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Economics professors discuss the financial impact of COVID-19 on graduates


Jasmine Jones and Adriana Macias

The COVID-19 pandemic has led to a dramatic increase in unemployment. According to the Department of Labor, over 26.5 million Americans have filed for unemployment since March 14, accounting for approximately 16% of the US labor force.

This rise in unemployment has harmed the economy and could prove worrisome for soon-to-be UMKC grads who are just entering the job market.

To learn more about the effects COVID-19 could have on graduates, U-News spoke with UMKC professors Dr. Sirisha Naidu, who has taught economics for 14 years, and Dr. Erik Olsen, who has taught economics for 24 years.

Q: COVID-19 has had a huge impact on businesses both big and small. In your opinion, how will COVID-19 affect the job market for 2020 graduates?

Naidu: It will depend on government policies. If policies only focus on ensuring that businesses don’t lose profits, then the benefits will not reach 2020 graduates or those who lost jobs during the pandemic. On the other hand, if government policies support those businesses and industries that create jobs that are well-paying and offer decent wages, then the job market would steadily improve for everyone.

Olsen: The partial shut-down of the U.S. economy as a result of social distancing requirements will significantly adversely affect the job market for 2020 graduates. Because most industries are facing a significant decline in the demand for their goods or services, they need far fewer employees, if any, to operate their business. Some businesses are also unable to get the inputs they need to produce their product. Social distancing will eventually end, but the impact on both the demand and the supply side will continue beyond this.

Q: Are there any majors that you think might be impacted more than others because of COVID-19?

Naidu: The pandemic has affected most industries and professions. There are a few industries that have profited significantly from this crisis, but the beneficiaries operate in the higher positions of the organization. Recent graduates applying to work in these industries may not benefit to the same degree. So, the pandemic will affect all majors negatively unless there are specific policies put in place to encourage creation of well-paying jobs. All of us should demand these policies of our legislators.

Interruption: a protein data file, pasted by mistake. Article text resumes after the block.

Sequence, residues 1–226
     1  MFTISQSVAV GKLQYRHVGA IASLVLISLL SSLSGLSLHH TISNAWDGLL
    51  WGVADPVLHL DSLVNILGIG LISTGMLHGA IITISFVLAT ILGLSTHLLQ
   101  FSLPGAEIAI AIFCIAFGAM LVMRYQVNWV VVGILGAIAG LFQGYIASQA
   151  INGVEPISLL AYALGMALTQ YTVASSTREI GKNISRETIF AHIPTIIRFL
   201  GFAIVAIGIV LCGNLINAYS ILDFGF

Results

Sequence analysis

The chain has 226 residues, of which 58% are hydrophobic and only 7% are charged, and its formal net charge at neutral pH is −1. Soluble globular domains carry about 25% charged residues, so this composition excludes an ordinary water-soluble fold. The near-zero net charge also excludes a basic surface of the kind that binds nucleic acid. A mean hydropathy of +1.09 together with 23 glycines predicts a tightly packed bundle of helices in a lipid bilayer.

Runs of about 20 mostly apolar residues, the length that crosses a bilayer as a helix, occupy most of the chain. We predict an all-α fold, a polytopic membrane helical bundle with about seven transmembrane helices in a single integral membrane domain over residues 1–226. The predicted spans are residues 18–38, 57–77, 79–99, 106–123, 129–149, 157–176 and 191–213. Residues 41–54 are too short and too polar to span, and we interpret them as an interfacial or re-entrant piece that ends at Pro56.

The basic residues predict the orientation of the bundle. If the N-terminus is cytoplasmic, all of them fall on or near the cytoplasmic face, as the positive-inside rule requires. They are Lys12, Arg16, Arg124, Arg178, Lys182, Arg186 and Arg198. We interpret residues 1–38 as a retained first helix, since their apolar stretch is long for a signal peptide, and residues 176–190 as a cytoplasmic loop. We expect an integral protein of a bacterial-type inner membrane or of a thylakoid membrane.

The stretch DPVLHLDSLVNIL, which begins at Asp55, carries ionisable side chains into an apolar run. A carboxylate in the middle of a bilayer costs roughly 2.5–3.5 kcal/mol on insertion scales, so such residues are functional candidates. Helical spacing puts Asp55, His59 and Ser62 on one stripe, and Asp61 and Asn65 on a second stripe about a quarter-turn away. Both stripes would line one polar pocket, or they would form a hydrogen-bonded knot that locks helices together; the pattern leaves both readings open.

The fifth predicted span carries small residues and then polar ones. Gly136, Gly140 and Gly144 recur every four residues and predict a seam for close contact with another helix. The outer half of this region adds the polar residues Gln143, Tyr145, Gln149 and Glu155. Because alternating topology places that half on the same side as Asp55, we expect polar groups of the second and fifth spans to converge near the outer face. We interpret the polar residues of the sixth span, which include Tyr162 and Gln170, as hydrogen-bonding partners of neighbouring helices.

Olsen: Students in health sciences, especially those involved with patient care, will see an improved job market. Most other areas should see varying impacts.

Q: Is there anything that students can do now to prepare themselves for the aftermath of the economy due to COVID-19?

Naidu: For many students this may be a time of extreme anxiety and stress. However, it is also a time to demand that laws and economic policies benefit the regular folks who have been disproportionately impacted by COVID-19. Regardless of our political orientation, most of us seek the same things – a decent life for ourselves, our families and our communities. Additionally, the current economy is not our grandparents’ or parents’ economy. Successful individuals not only have technical skills but practice critical thinking. They question current practices, learn from history and innovate for the future. So, sharpen those thinking skills that a college education fosters.

Olsen: A college education remains by far the best way to improve the opportunities available to someone, and to improve their future earning potential. Higher-performing students have better outcomes on the job market. So, the best way to prepare is to focus on what you can control, which is your own performance in class. In any job market, a student with a high GPA and good recommendations from faculty is going to be considered for a job before a lower-performing student.

Q. Some students may be receiving the $1,200 economic impact payments (stimulus checks). What tips or advice can you give on what to do with that money?

Naidu: The first responsibility is to satisfy basic needs of households: adequate food, shelter, physical and mental health. Repaying debts is secondary.

Olsen: Everyone’s circumstances are different. For some students that check is best-used making sure the rent and utility bills are paid and that there is food in the cupboard. Others might benefit from paying down short-term, revolving debt, [like] credit cards. In general, the best way to use that money is to help get yourself into a better position to succeed at UMKC. A degree will pay dividends for the rest of your life. Distinguishing yourself as a high-achieving student while you are here will also. Using the money towards those goals will help you in the future.

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